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Jeannette M. Gagan, PhD Jeannette M. Gagan, PhD
For Immediate Release:
Dateline: Santa Fe , NM
Monday, August 12, 2019


According to a CNN article, sixth-grader Ruben Martinez plans to display posters, pass out flyers, and promote a challenge on Facebook to help his Texas community begin to heal from the devastating shooting that claimed the lives of twenty-two people and injured twenty-four others. This eleven-year-old is encouraging each person in El Paso to do twenty-two good deeds for others—one for each of the victims who were shot and killed when a white supremacist fired shots inside a Walmart on August 3, 2019.

Blog74AThese kind acts may include mowing someone’s lawn, visiting a nursing home, paying for someone’s meal, donating to families in need, writing a letter and telling the person how great they are, holding the door for others, taking flowers to someone in the hospital, or leaving a dollar on the vending machine for the next person.

Ruben’s mom, Rose Gandarilla, explained, “The basic principle is for people to be kind to each other all day, every day.” Ruben’s idea came after he told her he didn’t want to go shopping at stores anymore, asking if they could find a delivery service instead. He was having trouble dealing with what happened, so she explained they could not live in fear and that the people in their community are caring and loving. She told him to try and think of something he could do to make El Paso better. Ruben went to his room, gave it some thought, and came up with the challenge—and he’s already leading the way! He and his mom went to several places—Walgreens, Barnes and Noble, and Sprouts to spread the message. His mother acknowledged, “He seems to be doing better and says that, hopefully, the world will be a better place with all these random acts of kindness.”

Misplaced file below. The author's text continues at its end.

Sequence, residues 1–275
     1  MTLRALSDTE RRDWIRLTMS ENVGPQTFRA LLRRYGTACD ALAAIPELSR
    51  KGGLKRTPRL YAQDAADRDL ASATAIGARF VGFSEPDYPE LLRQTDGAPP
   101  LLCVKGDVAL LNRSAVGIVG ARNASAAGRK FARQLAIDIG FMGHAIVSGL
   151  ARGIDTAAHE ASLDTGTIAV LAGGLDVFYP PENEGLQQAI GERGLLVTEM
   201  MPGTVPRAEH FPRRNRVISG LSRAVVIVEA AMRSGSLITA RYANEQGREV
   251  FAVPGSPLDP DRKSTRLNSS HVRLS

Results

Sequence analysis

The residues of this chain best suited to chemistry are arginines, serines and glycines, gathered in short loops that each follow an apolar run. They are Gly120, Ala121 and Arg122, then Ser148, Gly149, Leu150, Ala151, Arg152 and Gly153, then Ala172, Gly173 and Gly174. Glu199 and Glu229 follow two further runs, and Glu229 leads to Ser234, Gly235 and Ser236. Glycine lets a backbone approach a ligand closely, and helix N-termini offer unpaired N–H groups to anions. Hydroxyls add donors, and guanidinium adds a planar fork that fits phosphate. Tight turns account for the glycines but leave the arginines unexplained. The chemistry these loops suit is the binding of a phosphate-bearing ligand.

Dear reader, what are your reactions to such catastrophes, whether near or far? Do they disrupt your life? Affect you emotionally? Cause you great concern regarding the nature of human life on this planet? When I was in grade school and the atomic bomb was dropped in Japan, it was a relief that the war ended, yet also caused me worry and concern that a nuclear attack would occur in the United States. What are some ways that you cope with these tragic and stressful events? Would you be willing to accept Ruben Martinez's challenge? All comments are most welcome.

News Media Interview Contact
Name: Jeannette M. Gagan PhD
Dateline: Santa Fe, NM United States
Direct Phone: 505-983-2084
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